Sects and Sectarian Movements in Hinduism
We have reiterated several times that Hinduism is not a religion but a group of religions, religious traditions, philosophies, beliefs and practices. Many were lost or forgotten and many became assimilated into various sects. The name Hinduism was coined during the British times to identify all the religious traditions that originated in India and to distinguish them from those that originated outside. We have, therefore, a very artificial construct here, which somehow became the norm in the past few centuries and acquired a distinct identity of its own, mainly due to the nationalist aspirations of Indians during the colonial rule.
Due to the aspirations of millions of people who practiced native faiths and as a symbol of their pride and collective identity, Hinduism as a religion by itself became an integral part of India's heritage, defining in several ways its political, social, economic and cultural themes and helping them to draw richly from the knowledge and wisdom of their ancient gods, scholars, spiritual masters, adepts, enlightened yogis, ascetics and ancestors. The various traditions, ascetic movements and schools of philosophy within Hinduism, which can be categorized as full fledged religions in themselves, are presently considered sects or sectarian movements within Hinduism. Some of them are very old and some very recent.
The most important sects of Hinduism are, Brahmanism, Saivism, Vaishnavism, Shaktism and Tantrism. Encompassing them all and other hidden streams of beliefs within them and having a distinction of its own is the popular Hinduism, which contains the best of each of these traditions and some local traditions, customs, variations and adaptations.
The main sects follow different traditions, rituals, philosophies and practices to practice their faith and worship their personal gods. They may share some common beliefs with other sects and popular Hinduism, but in many respects they can be considered separate religions or faiths in themselves. In the past, such distinctions defined the religious diversity of ancient India. They competed against each other and strived to establish their superiority and distinction to attract patrons and followers.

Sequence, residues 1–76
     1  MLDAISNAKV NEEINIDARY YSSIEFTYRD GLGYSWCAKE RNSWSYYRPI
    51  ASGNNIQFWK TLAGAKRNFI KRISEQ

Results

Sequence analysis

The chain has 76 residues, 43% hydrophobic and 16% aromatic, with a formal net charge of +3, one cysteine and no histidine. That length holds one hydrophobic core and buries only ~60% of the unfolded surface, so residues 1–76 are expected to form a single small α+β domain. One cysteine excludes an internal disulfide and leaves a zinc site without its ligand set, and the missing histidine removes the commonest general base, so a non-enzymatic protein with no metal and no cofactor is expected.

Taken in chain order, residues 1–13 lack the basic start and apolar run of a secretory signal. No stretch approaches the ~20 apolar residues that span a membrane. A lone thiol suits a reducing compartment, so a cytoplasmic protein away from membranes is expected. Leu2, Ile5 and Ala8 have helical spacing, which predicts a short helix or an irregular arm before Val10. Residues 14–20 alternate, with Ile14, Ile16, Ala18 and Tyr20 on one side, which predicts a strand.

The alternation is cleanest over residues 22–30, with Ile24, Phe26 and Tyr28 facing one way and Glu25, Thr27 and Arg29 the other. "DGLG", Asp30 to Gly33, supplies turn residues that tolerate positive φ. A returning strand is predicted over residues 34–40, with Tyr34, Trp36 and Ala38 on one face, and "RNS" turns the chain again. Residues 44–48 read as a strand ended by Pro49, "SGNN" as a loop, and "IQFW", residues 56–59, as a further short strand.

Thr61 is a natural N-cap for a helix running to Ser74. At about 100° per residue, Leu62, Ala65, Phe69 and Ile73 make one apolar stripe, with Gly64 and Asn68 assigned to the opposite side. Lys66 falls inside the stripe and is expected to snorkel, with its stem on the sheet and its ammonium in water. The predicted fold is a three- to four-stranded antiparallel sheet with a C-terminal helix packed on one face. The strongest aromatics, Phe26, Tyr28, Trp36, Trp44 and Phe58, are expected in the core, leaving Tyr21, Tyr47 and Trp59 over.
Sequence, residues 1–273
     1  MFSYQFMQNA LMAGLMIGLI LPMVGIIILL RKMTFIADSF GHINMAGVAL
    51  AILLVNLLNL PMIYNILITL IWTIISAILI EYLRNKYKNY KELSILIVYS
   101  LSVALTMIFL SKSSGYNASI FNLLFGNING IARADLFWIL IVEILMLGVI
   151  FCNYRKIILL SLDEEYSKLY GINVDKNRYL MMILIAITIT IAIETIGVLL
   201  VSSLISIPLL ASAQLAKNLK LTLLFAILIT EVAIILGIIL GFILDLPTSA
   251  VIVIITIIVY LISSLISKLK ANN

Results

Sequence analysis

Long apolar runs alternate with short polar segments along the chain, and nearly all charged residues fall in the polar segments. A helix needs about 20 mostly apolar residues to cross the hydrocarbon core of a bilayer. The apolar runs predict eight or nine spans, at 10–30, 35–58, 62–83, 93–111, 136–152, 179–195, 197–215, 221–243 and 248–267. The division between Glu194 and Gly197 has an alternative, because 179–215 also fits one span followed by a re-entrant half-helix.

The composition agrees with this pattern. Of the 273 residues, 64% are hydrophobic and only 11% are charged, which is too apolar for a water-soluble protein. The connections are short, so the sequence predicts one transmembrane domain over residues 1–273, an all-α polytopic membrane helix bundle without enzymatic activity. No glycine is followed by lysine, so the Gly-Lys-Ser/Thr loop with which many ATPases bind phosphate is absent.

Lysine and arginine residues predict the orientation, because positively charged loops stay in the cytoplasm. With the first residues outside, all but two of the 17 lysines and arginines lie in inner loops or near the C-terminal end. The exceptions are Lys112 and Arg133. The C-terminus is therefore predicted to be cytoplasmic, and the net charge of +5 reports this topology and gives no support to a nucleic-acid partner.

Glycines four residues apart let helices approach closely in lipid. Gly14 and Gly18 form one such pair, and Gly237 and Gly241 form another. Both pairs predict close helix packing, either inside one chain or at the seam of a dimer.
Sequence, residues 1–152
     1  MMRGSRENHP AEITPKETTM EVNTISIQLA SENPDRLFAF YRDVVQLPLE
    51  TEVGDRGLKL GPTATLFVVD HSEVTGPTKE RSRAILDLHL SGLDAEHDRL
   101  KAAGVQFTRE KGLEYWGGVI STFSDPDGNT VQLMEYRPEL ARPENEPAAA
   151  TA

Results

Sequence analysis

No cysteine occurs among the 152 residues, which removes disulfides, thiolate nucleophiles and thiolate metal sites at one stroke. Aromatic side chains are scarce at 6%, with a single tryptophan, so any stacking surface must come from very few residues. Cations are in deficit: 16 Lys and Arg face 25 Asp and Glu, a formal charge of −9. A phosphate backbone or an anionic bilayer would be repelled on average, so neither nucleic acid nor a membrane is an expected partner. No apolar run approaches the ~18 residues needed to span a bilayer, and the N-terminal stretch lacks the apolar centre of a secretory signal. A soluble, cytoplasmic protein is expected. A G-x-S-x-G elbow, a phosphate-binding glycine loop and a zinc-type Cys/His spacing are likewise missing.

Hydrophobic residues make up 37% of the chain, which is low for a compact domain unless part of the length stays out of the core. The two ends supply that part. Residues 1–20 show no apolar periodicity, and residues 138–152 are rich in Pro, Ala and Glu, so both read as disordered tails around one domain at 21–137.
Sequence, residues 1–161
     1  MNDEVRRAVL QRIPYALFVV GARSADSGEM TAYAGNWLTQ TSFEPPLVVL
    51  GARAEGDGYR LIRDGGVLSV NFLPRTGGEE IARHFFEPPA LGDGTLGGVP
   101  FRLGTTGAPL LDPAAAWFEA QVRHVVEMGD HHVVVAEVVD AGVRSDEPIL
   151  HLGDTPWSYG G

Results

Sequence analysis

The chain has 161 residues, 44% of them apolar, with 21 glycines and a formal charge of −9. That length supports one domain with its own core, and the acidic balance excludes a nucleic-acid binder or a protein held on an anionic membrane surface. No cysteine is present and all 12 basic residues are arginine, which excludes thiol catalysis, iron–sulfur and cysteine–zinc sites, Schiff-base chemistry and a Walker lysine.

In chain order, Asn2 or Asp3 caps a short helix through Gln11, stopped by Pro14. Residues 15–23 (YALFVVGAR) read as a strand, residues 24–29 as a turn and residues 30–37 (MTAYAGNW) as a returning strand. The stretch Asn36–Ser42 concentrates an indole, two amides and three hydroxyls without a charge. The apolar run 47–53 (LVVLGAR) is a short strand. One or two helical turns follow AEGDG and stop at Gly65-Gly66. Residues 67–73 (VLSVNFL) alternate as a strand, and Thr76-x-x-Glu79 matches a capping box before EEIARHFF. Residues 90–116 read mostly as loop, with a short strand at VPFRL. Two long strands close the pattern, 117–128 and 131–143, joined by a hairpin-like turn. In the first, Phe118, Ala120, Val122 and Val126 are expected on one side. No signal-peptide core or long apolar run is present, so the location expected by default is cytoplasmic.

Primarily there are two distinct approaches within the whole gamut of Hinduism namely Vedic and Agamic. As their names imply, the Vedas and the Agamas constitute their foundation. Both have a long history and share many common beliefs and practices. The Vedic tradition is again divided into Vaikhasana and Pancaratra, while the Agamic tradition is divided into Adi Saiva and Tantrika.
If Hinduism survived for over 5000 years in the face of many challenges and emerged from it with greater clarity and vigor, the credit goes mainly to the efforts and contribution made by many enlightened individuals. From time to time, they appeared on the horizon and took upon themselves the responsibility of reforming it and reviving it or dealing effectively with competing traditions. They compensated for the absence of an organized and central authority that would direct its progress with missionary zeal.
These individuals came from different backgrounds. They were ascetics, self-realized yogis, religious scholars, teachers, intellectuals, authors, commentators, kings, merchants and other influential people who had the knowledge or the insight or the wherewithal to spend money and resources for a religious cause. p>